Frank Armitage, Disney Artist and Illustrator for Fox’s ‘Fantastic Voyage,’ Dies at 91

Frank Armitage, an artist and production illustrator who made contributions to Disney classics including “Sleeping Beauty” and “Mary Poppins” — as well as to Fox feature “Fantastic Voyage,” whose visual effects wowed audiences in 1966 — died Monday of age-related causes in Paso Robles, Calif., according to Disney Animation Studios VP of communications Howard Green. He was 91.

He also provided artwork and designs to theme parks around the world.

The native of Melbourne, Australia, moved in 1952 to Los Angeles and found a job at Walt Disney Studios, where he contributed to “Peter Pan” (1953), “Sleeping Beauty” (1959), 1964’s live action-animation hybrid “Mary Poppins” and “The Jungle Book” (1967).

After leaving the company, Armitage worked to apply cinematic techniques to human anatomy. He was thus the perfect person to do the production illustration for “Fantastic Voyage,” the innovative sci-fi film which follows a submarine and its crew that are shrunk to microscopic size so the ship may enter the body of a scientist in order to repair his brain. The film picked up Oscars for visual effects and art direction-set decoration, color.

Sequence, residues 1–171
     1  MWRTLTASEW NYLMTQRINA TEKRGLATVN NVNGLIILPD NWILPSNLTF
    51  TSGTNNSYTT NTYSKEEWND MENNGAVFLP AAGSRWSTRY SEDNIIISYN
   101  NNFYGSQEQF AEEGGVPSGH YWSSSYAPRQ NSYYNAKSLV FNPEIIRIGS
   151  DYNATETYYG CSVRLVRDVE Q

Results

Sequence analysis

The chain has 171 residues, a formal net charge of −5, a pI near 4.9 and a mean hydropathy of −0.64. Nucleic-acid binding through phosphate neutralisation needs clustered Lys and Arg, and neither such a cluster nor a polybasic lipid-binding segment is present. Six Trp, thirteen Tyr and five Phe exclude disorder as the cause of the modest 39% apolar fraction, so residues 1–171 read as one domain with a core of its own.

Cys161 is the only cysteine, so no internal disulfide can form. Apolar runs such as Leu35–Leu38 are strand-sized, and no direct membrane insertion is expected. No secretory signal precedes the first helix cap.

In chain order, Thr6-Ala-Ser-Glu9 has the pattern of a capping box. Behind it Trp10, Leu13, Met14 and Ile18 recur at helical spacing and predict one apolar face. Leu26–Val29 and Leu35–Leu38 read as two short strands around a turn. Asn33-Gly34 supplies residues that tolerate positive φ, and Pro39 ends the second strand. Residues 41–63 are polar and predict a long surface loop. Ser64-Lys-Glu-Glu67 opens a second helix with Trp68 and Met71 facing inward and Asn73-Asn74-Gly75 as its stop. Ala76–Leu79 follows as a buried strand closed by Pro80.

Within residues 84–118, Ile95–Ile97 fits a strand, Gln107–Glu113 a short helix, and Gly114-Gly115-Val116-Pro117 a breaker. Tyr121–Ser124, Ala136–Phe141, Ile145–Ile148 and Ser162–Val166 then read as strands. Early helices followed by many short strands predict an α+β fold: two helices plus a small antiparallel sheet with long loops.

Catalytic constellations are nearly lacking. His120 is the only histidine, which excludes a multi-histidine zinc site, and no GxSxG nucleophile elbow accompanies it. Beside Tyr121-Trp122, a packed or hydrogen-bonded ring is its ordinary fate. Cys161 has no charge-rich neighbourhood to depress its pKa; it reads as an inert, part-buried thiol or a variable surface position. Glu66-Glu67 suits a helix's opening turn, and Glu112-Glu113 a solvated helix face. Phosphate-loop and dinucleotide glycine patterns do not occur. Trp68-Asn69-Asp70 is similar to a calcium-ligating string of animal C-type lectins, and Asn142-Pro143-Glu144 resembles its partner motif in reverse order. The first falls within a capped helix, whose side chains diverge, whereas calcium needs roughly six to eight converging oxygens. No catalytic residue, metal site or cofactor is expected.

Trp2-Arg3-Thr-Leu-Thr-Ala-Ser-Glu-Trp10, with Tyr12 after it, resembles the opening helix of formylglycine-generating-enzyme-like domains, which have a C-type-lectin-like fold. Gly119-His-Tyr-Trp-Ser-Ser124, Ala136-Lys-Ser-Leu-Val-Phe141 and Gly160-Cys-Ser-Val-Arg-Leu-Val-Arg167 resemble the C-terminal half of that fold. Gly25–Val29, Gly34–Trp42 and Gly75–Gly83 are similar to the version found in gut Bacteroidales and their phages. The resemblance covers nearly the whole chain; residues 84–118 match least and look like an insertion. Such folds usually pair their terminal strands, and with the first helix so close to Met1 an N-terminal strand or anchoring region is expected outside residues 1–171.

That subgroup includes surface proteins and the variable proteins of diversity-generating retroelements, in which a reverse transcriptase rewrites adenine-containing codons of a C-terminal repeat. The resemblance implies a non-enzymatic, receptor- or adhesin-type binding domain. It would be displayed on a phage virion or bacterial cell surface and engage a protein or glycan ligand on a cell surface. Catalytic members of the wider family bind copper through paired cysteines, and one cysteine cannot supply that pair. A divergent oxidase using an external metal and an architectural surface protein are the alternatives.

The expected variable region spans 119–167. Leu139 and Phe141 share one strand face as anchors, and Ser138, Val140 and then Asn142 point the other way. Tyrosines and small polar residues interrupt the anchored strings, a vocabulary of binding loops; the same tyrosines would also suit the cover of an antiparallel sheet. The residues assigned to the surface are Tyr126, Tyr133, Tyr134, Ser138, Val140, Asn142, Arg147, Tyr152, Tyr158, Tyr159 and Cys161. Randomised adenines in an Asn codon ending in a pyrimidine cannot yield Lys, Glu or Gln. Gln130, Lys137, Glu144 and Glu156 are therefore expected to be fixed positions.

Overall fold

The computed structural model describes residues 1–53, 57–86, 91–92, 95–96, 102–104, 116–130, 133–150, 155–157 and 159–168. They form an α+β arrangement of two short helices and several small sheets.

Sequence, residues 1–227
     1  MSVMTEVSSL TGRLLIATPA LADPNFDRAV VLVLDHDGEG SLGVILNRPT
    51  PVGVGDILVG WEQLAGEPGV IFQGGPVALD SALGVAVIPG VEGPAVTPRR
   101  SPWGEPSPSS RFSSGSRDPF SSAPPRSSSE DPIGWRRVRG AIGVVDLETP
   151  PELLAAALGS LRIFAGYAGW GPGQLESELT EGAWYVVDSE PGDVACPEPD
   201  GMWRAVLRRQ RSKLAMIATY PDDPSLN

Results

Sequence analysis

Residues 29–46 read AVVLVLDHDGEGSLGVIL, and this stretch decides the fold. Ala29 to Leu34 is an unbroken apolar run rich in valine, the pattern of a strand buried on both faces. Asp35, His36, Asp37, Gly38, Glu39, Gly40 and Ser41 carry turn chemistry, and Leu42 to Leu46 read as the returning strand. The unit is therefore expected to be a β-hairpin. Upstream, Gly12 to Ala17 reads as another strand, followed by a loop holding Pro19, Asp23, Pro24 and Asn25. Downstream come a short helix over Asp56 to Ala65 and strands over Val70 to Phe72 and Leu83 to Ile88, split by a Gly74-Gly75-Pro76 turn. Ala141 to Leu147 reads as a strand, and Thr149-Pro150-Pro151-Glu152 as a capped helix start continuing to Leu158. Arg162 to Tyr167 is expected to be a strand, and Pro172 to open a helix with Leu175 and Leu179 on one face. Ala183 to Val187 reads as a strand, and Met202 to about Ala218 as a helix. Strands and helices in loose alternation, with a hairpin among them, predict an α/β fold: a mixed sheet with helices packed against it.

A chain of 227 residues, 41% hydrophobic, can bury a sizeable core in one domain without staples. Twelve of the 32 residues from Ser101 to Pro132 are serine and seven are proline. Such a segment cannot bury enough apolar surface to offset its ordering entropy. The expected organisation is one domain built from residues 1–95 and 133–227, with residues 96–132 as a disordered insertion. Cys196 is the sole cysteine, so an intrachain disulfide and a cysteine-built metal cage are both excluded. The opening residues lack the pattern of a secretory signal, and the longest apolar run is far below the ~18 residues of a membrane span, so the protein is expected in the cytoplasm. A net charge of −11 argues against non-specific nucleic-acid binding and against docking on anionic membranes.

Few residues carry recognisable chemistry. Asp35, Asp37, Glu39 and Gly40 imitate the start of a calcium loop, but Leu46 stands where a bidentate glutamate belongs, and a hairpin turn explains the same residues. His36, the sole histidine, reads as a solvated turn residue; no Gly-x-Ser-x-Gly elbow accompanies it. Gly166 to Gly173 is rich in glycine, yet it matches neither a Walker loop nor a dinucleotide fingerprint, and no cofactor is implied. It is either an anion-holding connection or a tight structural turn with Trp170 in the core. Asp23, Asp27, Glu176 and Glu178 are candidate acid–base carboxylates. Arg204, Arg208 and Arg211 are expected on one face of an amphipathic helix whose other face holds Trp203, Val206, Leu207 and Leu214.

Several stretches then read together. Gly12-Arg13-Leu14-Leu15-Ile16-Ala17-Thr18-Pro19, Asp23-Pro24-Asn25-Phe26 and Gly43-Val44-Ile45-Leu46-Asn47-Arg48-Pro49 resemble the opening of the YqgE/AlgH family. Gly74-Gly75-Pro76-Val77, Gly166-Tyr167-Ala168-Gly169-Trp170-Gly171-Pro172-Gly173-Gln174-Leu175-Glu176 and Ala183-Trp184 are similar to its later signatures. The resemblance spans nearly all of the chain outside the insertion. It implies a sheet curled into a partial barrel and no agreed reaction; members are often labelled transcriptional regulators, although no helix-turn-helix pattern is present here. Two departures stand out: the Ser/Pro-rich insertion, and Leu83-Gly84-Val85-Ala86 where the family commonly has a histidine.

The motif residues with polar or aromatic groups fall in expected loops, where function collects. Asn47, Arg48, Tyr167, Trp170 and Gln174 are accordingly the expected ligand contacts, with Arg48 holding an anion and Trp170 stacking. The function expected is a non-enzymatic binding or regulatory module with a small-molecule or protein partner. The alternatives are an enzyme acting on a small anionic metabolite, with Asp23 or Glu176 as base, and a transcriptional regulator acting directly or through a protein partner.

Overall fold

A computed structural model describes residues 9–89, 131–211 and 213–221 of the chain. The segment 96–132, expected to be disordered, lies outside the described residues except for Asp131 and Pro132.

Armitage returned to Disney in 1977, and his anatomical artwork led to the Wonders of Life Pavilion at Epcot in Orlando, Fla. He also painted concept art for Sleeping Beauty’s Castle at Disneyland Paris, as well as an enormous mural for a restaurant at Disney’s Animal Kingdom in Florida and murals for Tokyo DisneySea.

Armitage retired from Disney in 1989.

Born Roblan Frank Armitage in Melbourne, the artist studied at a Melbourne art institute. After winning an international mural contest sponsored by Mexican muralist David Alfaro Siqueiros in 1949, Armitage became his assistant on several projects in Mexico.

In the 1950s, Armitage was involved in the creation of Disneyland, including Storybook Land.

Survivors include his wife of 33 years, retired Imagineer Karen Connolly Armitage; his daughters Nicole Armitage Doolittle, who works at Disney Imagineering, and Michelle Armitage, a scenic artist; son Wes; stepchildren Tracy and Cecil; and sister Margaret.

Donations may be made to the Ryman Arts Foundation, Liga International or the University of Illinois at Chicago BVIS program to support students pursuing masters degrees in biomedical visualization (UIC College of Applied Health Sciences, 800 S. Wood St., CMET 169, Chicago, IL 60612).

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